Cynthia Novotny knows the building by heart. She knows each classroom at Griffin Elementary in Cooper City and teachers who work there.
What has changed for Novotny is her title. The word assistant has been removed. Now, she is the principal.
When school begins this fall, about 30 principals will be starting fresh at new schools -- more than ever before in Broward County, according to school administrators. Some have been promoted from assistant principals. Others have been brought in from school districts as close as Palm Beach County or as far away as New York.
The district has tried to keep principals who know the area, like Novotny, to strengthen community relations.
Many of the new principals were promoted from their assistant principal jobs.
"I think it helps when a new principal knows the school and the parents," Novotny said. "It makes our jobs a lot easier."
The large number of principals left, in part because of the Florida Deferred Retirement Option Program that allows employees to retire later and get more money out of their plans, said Dorothy Davis, with the district's administrative procedures office.
"People took advantage of the program," Davis said. "That is why we saw many principals leaving."
Five years ago, the DROP program was offered to employees who belong to the Florida Retirement System Pension Plan, which includes Broward School District employees.
The program allowed employees to sign on if they were age 62 with at least 10 years of service, or of any age with 30 years of service. Once they signed on, their retirement fund was sent into a separate account the employees could get after their five years were up.
That meant that a retired principal, for example, kept getting paid for five years and at the same time was able to save retirement funds for the same period, said Ron Weintraub, benefits director for the school district.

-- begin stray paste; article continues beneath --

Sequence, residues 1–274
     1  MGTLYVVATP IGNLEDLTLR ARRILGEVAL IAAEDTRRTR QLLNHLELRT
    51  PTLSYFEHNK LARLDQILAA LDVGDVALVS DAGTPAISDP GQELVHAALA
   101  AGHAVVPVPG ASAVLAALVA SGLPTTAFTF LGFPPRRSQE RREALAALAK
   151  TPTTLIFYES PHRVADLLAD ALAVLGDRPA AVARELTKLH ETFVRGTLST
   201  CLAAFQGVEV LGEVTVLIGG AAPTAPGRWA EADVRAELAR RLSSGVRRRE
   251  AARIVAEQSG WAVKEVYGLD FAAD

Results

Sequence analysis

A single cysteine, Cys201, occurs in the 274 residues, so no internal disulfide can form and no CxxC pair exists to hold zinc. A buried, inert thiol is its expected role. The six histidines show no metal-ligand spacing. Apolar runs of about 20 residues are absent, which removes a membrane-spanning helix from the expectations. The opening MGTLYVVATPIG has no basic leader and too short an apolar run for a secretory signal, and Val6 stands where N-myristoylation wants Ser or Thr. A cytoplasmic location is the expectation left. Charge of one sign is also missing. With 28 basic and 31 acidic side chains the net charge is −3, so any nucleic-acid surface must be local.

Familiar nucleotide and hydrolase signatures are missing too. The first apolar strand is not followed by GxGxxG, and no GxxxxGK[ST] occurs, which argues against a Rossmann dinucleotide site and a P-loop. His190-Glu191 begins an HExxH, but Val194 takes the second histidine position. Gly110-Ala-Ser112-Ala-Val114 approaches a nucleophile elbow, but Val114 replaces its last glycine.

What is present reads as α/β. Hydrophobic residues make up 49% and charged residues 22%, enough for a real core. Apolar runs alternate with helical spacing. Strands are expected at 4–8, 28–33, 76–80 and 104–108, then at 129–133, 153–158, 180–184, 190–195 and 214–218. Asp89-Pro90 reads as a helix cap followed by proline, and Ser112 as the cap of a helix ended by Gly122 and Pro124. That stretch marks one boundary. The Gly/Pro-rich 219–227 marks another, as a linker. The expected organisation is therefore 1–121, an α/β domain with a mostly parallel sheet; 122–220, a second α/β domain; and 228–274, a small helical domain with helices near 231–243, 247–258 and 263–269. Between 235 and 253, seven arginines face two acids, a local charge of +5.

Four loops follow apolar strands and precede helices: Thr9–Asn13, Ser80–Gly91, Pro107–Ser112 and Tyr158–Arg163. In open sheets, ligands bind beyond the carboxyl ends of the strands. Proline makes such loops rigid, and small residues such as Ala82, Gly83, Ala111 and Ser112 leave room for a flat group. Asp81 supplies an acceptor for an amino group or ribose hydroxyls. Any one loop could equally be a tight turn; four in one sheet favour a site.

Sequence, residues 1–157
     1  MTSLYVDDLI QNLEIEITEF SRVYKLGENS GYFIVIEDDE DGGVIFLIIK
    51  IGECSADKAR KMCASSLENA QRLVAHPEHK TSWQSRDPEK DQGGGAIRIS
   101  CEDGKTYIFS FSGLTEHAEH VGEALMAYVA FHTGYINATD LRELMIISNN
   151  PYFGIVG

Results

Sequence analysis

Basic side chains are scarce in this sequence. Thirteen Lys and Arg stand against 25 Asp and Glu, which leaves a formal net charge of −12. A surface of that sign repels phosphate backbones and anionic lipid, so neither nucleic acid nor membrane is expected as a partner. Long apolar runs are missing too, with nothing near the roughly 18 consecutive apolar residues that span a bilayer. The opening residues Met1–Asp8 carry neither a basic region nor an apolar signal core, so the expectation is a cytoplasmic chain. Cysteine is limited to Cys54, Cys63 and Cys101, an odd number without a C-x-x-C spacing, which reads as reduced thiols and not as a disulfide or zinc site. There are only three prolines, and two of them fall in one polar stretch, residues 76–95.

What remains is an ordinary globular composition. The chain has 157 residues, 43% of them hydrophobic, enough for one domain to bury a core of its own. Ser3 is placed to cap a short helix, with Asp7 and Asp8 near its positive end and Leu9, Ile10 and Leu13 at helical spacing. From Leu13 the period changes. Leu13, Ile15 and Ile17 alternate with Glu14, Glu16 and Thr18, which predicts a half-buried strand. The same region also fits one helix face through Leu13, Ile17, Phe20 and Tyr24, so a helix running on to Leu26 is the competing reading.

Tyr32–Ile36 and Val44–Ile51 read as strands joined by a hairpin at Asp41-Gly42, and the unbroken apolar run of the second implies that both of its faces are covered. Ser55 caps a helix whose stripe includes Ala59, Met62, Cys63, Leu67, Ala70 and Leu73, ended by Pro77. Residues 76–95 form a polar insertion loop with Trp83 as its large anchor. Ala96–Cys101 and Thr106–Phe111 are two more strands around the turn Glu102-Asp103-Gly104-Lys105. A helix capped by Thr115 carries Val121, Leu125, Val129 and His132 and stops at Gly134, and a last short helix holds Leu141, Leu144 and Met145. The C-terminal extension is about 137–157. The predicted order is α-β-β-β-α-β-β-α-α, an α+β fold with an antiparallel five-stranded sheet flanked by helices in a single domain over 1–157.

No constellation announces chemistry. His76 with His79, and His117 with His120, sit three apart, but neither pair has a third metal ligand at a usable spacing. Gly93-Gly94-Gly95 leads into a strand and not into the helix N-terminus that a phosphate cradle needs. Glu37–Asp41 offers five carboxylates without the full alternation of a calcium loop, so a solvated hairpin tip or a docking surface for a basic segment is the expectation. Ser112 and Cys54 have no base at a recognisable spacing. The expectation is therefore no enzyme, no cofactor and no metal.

"That gets people to stay a little longer," Weintraub said. "We always need teachers, especially since we have such a shortage."
About 20 principals retired during the last school year and half of those belonged to the DROP program, he said.
That benefited assistant principals like Jody Perry, who served about 16 years as an assistant principal at Driftwood Middle in Hollywood. She was named principal.
"My goal has always been to be an education leader," Perry said. "I wanted to impact the most amount of students at once and I can do that as a principal."
As a teacher, as rewarding as it is, she can only reach a group of about 20 or so students at a time, she said.
As an assistant principal, she oversaw daily curriculum and programs targeting students at risk and those with disabilities.
"It sounds hard, but it is not. I loved it," she said.
She does not plan to make any drastic changes at the school that already received an "A" on Gov. Jeb Bush's A-Plus grading program.
"I love middle school," she said.
Novotny said she shares the same enthusiasm for the new challenge. It began to sink in when she walked out of the school one day in July and read in the marquee: New Griffin Principal Cynthia Novotny. Her dream had come true, she said. She became a teacher with the goal of becoming a principal.
"I love children. I have people skills and I have leadership skills," she said.
She does not plan to make any drastic changes, because she said her staff does a great job. But she would like to see more parents involved. She likes it at Griffin, Novotny said.
"I'm not going anywhere."
Edgar Sandoval can be reached at firstname.lastname@example.org or 954-385-7910.